Empowering leadership – leading employees to lead themselves Exploration of central characteristics, implications, and self – other agreement of the empowering leadership construct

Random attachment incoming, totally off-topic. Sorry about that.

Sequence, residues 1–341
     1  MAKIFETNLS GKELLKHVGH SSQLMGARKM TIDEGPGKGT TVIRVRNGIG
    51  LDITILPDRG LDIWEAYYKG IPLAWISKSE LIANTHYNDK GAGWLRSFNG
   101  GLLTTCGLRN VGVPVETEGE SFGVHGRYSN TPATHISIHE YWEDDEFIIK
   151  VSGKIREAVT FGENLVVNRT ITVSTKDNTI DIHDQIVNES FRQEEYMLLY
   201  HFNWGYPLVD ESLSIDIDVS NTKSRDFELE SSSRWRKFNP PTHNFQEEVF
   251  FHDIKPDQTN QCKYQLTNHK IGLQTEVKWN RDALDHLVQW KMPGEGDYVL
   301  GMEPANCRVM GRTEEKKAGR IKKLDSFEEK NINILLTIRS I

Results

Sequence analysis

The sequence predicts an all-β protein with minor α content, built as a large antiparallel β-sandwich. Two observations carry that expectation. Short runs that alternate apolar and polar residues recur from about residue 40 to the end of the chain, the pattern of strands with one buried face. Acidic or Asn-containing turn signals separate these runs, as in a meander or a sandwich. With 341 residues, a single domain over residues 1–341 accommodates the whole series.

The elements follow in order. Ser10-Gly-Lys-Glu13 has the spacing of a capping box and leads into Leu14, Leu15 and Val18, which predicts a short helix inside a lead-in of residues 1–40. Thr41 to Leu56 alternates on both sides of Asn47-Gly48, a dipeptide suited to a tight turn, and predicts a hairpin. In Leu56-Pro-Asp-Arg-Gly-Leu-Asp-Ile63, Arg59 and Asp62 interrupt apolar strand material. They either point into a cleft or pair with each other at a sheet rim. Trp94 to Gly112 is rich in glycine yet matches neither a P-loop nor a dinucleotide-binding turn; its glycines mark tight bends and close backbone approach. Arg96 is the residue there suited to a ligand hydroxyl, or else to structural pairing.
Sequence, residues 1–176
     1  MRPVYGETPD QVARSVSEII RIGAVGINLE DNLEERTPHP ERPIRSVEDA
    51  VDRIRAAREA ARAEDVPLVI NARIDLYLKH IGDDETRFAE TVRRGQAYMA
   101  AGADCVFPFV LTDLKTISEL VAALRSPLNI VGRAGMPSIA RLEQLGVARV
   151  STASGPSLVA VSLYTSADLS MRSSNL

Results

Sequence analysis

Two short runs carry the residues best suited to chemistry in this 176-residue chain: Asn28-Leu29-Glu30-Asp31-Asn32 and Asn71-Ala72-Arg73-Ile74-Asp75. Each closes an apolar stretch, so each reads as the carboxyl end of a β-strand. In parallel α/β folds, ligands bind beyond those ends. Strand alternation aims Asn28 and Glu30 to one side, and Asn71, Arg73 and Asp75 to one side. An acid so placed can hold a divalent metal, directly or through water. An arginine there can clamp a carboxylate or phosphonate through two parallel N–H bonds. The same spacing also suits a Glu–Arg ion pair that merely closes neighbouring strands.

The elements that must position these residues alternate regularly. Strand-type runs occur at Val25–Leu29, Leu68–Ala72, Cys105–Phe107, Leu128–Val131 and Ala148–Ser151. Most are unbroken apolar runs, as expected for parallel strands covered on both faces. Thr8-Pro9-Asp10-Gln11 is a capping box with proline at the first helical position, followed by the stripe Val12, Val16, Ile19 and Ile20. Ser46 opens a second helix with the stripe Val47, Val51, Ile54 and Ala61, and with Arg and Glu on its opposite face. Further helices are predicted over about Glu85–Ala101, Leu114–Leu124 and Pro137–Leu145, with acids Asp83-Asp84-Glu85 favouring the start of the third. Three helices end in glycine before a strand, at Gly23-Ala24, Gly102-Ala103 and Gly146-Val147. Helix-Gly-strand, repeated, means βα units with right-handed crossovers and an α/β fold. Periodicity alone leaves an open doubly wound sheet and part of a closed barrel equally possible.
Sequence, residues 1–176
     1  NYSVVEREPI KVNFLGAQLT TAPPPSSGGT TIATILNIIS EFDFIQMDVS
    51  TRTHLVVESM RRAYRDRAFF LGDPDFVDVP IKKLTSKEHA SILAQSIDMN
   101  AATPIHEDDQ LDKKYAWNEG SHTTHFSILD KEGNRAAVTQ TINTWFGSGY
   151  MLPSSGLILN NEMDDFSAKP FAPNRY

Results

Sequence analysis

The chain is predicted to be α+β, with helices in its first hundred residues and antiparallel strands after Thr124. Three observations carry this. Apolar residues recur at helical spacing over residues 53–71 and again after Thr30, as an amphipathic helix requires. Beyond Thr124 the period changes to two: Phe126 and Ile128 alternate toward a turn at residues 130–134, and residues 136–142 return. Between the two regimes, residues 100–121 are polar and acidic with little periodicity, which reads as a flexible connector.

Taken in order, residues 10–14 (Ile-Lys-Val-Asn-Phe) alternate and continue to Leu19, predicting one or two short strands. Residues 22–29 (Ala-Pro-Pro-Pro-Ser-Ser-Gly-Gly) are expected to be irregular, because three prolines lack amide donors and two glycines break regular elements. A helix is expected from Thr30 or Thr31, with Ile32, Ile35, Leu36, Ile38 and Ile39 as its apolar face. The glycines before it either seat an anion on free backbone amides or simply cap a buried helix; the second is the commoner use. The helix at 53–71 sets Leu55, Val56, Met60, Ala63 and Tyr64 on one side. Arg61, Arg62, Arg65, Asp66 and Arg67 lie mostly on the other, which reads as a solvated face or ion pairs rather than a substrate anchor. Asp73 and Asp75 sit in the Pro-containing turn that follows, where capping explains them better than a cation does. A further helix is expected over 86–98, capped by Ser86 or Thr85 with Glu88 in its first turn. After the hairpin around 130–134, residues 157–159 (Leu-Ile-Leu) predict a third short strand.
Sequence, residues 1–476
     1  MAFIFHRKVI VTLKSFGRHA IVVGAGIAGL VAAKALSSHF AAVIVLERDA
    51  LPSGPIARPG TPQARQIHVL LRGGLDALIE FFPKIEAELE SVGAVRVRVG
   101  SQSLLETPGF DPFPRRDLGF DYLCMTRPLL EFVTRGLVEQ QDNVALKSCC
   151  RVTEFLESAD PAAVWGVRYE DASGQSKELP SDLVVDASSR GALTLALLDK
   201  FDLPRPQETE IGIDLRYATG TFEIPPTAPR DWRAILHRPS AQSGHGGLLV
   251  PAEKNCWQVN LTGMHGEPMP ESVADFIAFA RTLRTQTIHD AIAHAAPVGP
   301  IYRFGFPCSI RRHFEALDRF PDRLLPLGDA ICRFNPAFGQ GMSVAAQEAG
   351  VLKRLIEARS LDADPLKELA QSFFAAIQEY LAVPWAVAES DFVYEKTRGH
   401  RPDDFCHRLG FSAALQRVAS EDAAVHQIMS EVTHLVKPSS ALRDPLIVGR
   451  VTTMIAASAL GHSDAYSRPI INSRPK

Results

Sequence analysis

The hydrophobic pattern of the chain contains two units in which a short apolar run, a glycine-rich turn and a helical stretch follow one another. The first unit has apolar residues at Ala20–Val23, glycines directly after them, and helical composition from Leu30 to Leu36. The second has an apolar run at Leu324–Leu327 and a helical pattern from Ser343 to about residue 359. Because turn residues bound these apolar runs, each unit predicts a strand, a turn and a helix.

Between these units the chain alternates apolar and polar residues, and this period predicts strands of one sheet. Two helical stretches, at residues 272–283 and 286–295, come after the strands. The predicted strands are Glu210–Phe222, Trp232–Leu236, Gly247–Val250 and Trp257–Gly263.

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This dissertation contributes to the leadership and empowerment literature by exploration of the empowering leadership construct, which emerged as a distinct leadership approach in the late 1980s as a response to changes in work life and society in general. A review of relevant literature indicates that two related main approaches to empowering leadership have laid the foundation for what we today associate with the construct; that is, the concept of superleadership and various approaches of leadership that emphasize different forms and degrees of power sharing (here called the classical approach). A main characteristic that describes empowering leadership is supporting employees’ autonomy, which represents the most prominent characteristic that distinguishes it from other leadership theories and thus makes it more in line with the basic idea of empowerment at work. This particular autonomy attribute with respect to empowering leadership is especially important in contemporary work settings characterized by, among other things, more flexible, flattened, and decentralized organizational designs and delegation of responsibility and decision-making authority to selfleading knowledge workers. Despite its place as a contemporary leadership approach, it is only in the last decade that empowering leadership has received earnest attention in the academic management literature. In fact, two-thirds of identified academic articles including the keywords empowering leadership and/or superleadership were published in the period 2006 to January 2014. Still, there are shortcomings in the literature with respect to various aspects of empowering leadership that need to be investigated. Accordingly, this dissertation aimed to (a) theoretically underpin and define empowering leadership as guideline for conceptualization and operationalization of the construct, (b) to build, refine, and validate a new instrument for measuring the construct, (c) to identify and test central mediators of empowering leadership, and (d) to explore how self–other agreement of empowering leadership affects important outcome variables. To examine these issues, six studies included in three papers were conducted. With promotion and development of employee autonomy as foundation, theoretical and conceptual discussions in the first paper suggested that empowering leadership consists of eight behavioral manifestations arranged within three influence processes. The first process was labeled “power sharing” and includes the behaviors “delegating” and “coordinating and information sharing.” The second process was labeled “motivational support” and includes the behaviors “encourage initiative,” “encourage goal focus,” “efficacy support,” and “inspiring,” whereas the third process was labeled “development support” and includes the behaviors “modeling” and “guidance.” Based on this conceptual model, a theoretically meaningful 18- item, two-dimensional scale (i.e., the Empowering Leadership Scale; ELS) was developed and validated for measuring the construct. The ELS showed distinctiveness in relation to scales measuring leader – member exchange (LMX) and transformational leadership as well as ability to predict incremental variance in psychological empowerment beyond these two scales. Furthermore, in the first paper self-leadership and psychological empowerment were identified and initially tested as essential mediators of empowering leadership. Based on insights from the first paper, findings in the second paper further supported the idea of self-leadership and psychological empowerment as mediating mechanisms in linking empowering leadership to subordinate outcomes. The findings also suggested that selfleadership mediates the relationship between empowering leadership and psychological empowerment. Findings from the third paper indicated that a simultaneous appraisal of self and subordinate ratings of empowering leadership might be useful in the prediction of outcome variables in a culture such as the Norwegian one. Especially, incongruence in empowering leadership ratings provided by self (i.e., leaders) and subordinates was suggested to be of particular importance; that is, leaders’ over-estimation and under-estimation relative to the ratings of subordinates. Moreover, the applicability of the Empowering Leadership Scale as a multisource instrument was supported in that the scale showed stable psychometric properties across both self and subordinate ratings of empowering leadership. Considered across all three papers, empowering leadership (i.e., the ELS) demonstrated positive associations with leader effectiveness/job performance and subordinates’ selfleadership, psychological empowerment, job satisfaction, work effort, and creativity, as well as negative association with subordinates’ turnover intention.